Jonathan Baldwin runs about three miles every other day before work, and he generally aims to run his second mile on the Rosemont Middle School track next to the Southwestern campus. A Ph.D. student in the Roy Fish School of Evangelism and Missions, Baldwin desires to share the Gospel with “every living person,” and he often prays for more opportunities to do so. He struggles, however, with the fact that God has been planting these opportunities in the middle of his exercise routine.

“The last thing a runner wants to do is stop and talk to someone in the middle of his run,” Baldwin says. “But the last thing a servant of Jesus Christ wants to do is be disobedient to his Master.”

On Tuesday, Nov. 1, after Baldwin finished running his second mile on the middle school’s jogging track, he began walking alongside fellow exerciser Luccero, a woman in her 40s, and her friend. He greeted them and quickly determined that the two did not have a relationship with God.

As they proceeded to journey along the track together, a frog jumped out at them, eliciting a scream from the two women. Baldwin laughed, but then he realized that God had just opened a door.

“I have been listening to a sermon series this morning on the book of Exodus,” Baldwin told the women. “God used frogs to attack Egypt.”

Baldwin explained that the Egyptians were disobedient to God. In fact, he continued, the Bible teaches that every person has been disobedient to God, and the wages of such disobedience is death.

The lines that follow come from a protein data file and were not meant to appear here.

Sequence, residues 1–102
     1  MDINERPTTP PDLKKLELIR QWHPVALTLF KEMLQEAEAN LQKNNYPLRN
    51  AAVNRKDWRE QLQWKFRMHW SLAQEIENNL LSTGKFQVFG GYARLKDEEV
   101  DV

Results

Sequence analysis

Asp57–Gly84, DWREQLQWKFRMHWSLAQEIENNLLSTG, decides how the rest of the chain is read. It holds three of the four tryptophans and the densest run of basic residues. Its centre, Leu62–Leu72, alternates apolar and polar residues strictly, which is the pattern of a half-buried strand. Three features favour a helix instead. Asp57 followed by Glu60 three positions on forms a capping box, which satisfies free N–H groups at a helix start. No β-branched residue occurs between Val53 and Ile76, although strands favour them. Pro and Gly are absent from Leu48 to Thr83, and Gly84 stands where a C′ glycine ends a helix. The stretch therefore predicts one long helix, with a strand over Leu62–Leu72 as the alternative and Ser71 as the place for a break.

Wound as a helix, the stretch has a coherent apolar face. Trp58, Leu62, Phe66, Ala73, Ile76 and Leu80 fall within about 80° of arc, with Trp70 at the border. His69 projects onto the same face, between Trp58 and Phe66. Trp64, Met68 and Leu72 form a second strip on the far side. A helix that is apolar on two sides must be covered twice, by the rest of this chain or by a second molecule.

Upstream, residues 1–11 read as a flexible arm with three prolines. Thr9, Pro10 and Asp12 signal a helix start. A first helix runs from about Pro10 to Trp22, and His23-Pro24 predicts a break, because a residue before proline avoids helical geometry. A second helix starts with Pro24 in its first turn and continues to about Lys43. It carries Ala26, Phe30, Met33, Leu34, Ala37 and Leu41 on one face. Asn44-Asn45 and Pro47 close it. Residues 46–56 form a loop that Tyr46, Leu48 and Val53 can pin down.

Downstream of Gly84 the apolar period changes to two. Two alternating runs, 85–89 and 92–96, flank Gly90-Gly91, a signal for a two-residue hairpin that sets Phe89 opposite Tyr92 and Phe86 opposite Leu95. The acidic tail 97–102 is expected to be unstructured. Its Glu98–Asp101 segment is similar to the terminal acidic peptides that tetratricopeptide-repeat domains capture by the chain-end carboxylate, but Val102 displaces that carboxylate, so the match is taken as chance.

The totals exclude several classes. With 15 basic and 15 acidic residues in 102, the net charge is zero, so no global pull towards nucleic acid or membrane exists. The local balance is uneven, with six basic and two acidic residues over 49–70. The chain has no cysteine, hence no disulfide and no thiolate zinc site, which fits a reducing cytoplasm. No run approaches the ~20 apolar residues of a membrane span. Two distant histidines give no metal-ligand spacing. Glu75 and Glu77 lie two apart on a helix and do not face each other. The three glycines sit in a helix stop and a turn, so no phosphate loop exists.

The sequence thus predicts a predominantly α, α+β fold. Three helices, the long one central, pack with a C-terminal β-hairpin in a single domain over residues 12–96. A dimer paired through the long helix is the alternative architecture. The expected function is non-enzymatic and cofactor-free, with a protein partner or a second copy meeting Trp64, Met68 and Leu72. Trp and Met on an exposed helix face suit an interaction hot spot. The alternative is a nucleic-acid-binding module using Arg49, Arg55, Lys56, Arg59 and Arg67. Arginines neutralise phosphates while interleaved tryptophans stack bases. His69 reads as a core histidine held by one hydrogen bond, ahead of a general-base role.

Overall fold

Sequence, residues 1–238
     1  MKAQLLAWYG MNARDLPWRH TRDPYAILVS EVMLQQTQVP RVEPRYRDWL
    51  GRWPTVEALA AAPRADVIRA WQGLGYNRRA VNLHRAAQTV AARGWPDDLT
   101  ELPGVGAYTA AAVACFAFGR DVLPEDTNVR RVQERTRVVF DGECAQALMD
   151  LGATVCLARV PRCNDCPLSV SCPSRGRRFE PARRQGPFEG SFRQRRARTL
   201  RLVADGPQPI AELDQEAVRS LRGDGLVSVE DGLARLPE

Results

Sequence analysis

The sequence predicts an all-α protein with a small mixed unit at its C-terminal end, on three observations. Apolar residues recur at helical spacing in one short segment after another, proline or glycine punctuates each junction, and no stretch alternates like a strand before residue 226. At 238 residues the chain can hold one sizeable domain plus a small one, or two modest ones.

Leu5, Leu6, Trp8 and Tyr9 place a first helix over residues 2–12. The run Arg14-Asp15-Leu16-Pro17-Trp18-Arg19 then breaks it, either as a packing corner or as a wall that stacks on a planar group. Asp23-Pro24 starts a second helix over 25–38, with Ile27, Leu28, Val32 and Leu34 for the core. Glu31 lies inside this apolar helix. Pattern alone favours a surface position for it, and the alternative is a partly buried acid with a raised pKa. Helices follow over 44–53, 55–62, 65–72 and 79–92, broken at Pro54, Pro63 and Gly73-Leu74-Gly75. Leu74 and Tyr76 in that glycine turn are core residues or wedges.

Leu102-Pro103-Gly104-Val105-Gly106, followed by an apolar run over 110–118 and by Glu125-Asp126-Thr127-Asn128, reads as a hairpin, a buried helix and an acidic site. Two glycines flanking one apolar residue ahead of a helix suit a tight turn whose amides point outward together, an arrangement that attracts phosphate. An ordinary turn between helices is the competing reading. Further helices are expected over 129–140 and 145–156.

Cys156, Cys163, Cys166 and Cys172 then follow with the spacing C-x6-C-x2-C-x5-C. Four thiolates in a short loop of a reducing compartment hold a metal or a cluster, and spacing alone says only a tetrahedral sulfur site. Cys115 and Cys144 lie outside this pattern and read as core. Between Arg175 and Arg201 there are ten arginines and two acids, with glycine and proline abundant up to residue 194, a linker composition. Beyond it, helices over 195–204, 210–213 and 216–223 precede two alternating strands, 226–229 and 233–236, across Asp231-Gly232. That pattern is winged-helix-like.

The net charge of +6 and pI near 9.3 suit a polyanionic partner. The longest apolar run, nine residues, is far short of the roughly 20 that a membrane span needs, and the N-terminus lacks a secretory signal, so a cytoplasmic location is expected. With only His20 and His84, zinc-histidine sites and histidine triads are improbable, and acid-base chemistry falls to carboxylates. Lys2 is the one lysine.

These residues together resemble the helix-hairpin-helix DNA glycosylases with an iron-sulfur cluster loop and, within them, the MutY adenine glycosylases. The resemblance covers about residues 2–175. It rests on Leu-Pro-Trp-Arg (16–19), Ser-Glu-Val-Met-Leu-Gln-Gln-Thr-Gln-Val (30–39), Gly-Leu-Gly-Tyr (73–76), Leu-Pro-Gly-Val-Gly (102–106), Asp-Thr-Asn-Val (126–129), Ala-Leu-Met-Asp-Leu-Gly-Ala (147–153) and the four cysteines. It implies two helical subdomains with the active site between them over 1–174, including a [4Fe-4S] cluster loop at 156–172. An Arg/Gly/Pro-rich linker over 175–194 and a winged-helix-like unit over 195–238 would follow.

“What you earn from your sin is death,” Baldwin said. “So your sinful lifestyle is stealing your breath.”

Baldwin shared the Gospel with the two, explaining that though the wages of sin is death, the gift of God is eternal life in the Lord Jesus Christ. Though her friend was not as responsive, Luccero clearly received the message.

“If you stood before God this very moment, what would He say about you?” Baldwin asked her. Luccero replied, “He would say that I was a sinner and I was going to hell.”

“She understood her need for Jesus and His work on the cross, but she was having a hard time trusting in His resurrection,” Baldwin recalls. As they walked another lap around the track, Baldwin read Peter’s sermon from Acts 2:22-36. When he finished reading, Luccero said she was ready to surrender her life to Jesus, the risen Lord and Savior.

They prayed together, and Baldwin then walked her through the Great Commission. Baldwin says that by the end of their meeting, Luccero understood her need to share the Good News with others, go through believer’s baptism in a local church, and read and obey the Word of God.

“This is probably one of the best ways to start the day,” Baldwin says, despite the interruption in his exercise routine. “I’m thankful that God gave me this opportunity, and I can’t wait for the next one.”